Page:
However, the Office of the UN Human Rights Commissioner is one of the many UN institutions that have been set up to further the overall goal of world peace and stability for which the UN was set up in the aftermath of the Second World War, which led to the loss of millions of lives and the destruction of a significant section of the world’s heritage. The UN system cannot permit one of its key institutions to be weakened or undermined due to the actions of one of its 193 member countries. When the Sri Lankan government rejects the UN High Commissioner’s statement using strong language which may meet the expectations of the electorate and of the majority of Sri Lankan people, it is challenging an important component of the UN system.
Previously it was believed by many in Sri Lanka, including by those in the government, that Sri Lanka’s problem at the UN was being caused if not made worse by the actions of the previous Human Rights Commissioner, Navanethem Pillay. It was believed that although her citizenship was South African, her Tamil ethnicity had made her biased against Sri Lanka. Therefore she too became a part of the global anti-Sri Lanka Diaspora in Sri Lankan eyes and her departure from office was expected to change the UN’s attitude to the issue of accountability for war time problems of human rights. But this has not happened. The new Human Rights Commissioner is even stronger in his position that Sri Lanka must address the issue of accountability. But it is not only to the international community or to the UN that the government needs to give answers.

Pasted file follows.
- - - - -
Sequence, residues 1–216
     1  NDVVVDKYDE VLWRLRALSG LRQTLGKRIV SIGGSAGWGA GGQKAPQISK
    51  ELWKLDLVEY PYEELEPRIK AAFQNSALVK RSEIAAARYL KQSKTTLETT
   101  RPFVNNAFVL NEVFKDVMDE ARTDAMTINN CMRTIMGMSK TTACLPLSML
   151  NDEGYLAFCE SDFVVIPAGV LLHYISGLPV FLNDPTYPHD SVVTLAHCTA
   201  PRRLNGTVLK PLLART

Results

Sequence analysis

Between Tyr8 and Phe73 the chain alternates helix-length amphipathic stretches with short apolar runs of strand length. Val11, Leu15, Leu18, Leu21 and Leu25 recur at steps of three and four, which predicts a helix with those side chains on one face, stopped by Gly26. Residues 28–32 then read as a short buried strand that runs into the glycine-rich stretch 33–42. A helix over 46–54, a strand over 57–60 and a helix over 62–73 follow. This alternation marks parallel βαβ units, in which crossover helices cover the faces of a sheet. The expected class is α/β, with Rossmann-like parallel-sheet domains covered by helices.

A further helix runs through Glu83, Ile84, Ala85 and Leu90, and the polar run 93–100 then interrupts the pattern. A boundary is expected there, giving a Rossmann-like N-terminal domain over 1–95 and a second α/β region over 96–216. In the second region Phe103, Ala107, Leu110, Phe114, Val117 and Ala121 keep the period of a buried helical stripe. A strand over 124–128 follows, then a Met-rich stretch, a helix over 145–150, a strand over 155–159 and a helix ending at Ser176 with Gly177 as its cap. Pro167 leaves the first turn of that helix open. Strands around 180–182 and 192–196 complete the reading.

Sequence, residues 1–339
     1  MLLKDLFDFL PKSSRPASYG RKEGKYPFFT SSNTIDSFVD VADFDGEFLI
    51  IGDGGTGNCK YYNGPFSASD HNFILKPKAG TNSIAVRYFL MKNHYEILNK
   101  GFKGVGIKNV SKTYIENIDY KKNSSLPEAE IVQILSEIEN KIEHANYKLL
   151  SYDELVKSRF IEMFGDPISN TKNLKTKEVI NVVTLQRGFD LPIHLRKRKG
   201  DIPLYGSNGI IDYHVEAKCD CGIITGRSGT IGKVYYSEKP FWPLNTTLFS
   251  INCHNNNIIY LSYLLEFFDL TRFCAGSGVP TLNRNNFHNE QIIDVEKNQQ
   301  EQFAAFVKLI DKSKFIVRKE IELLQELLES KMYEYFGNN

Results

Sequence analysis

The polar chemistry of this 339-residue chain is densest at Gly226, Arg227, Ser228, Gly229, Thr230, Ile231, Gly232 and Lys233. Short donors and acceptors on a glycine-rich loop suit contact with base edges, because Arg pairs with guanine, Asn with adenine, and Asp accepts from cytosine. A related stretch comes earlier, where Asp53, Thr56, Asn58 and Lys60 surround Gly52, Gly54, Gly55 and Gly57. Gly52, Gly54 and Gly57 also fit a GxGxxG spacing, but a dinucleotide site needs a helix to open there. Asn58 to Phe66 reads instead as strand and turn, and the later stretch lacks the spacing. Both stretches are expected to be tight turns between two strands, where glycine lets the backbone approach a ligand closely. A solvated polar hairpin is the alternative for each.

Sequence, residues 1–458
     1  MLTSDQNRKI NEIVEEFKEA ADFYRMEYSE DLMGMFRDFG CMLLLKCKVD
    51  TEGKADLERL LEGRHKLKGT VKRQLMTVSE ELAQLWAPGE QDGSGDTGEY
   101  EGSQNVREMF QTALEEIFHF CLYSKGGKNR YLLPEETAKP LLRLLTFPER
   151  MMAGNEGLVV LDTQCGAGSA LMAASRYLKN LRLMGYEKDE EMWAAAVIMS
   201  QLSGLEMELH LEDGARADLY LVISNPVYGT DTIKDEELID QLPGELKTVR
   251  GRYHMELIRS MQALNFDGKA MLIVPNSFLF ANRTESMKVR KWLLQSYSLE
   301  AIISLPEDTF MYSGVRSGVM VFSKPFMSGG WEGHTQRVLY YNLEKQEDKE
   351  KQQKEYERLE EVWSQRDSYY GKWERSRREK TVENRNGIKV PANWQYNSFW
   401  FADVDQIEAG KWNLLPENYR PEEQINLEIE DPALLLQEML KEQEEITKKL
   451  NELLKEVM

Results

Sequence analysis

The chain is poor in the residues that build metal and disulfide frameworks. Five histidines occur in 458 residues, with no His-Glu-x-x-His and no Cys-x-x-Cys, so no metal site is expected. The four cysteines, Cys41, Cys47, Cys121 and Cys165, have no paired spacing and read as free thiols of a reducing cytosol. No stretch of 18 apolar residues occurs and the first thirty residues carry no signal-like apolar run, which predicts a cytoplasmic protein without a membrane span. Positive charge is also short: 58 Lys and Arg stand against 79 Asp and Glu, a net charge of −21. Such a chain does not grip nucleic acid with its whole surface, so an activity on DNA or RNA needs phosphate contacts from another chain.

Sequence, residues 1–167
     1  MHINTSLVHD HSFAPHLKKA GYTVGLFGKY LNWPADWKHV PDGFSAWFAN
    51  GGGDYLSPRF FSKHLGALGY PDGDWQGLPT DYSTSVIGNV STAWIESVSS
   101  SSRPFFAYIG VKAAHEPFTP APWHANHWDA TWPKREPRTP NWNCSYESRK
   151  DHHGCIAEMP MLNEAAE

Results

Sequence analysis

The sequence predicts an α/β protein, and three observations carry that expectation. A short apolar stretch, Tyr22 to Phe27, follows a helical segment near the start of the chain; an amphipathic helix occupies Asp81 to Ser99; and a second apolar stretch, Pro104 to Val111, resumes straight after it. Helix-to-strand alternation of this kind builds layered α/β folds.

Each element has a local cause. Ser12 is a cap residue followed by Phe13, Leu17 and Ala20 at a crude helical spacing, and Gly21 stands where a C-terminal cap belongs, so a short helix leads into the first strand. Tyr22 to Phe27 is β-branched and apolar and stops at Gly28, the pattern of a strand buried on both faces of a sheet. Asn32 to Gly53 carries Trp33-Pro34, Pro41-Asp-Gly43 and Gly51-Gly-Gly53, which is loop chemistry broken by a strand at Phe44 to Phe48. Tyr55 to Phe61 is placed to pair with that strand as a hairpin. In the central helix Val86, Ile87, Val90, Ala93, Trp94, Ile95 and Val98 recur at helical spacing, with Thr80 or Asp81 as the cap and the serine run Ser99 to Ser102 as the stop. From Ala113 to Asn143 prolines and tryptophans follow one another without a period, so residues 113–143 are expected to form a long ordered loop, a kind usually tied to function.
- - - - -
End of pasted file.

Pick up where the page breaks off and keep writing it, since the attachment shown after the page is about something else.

In the past week I took part in discussions and seminars in the North and East on the issues of post-war healing and reconciliation amongst communities. In the meetings I attended I saw at first hand the powerful sentiments of people who have lost their loved ones and have found no answers forthcoming from the government. There was a mother who said that she had surrendered her son to the military at the end of the war. She wanted to know what had happened to him. She still had hope he was alive. She said other young persons who had been surrendered like her son had returned, but she said that they did not say what had happened to her son, and would not talk about the past. She said she had even been to the army camps in the East to look for him, although she was from the North and her son was surrendered in the North. She had also been to the Fourth Floor of Police Headquarters in Colombo. She would go anywhere to find her son. She had not found him, but she still had hope.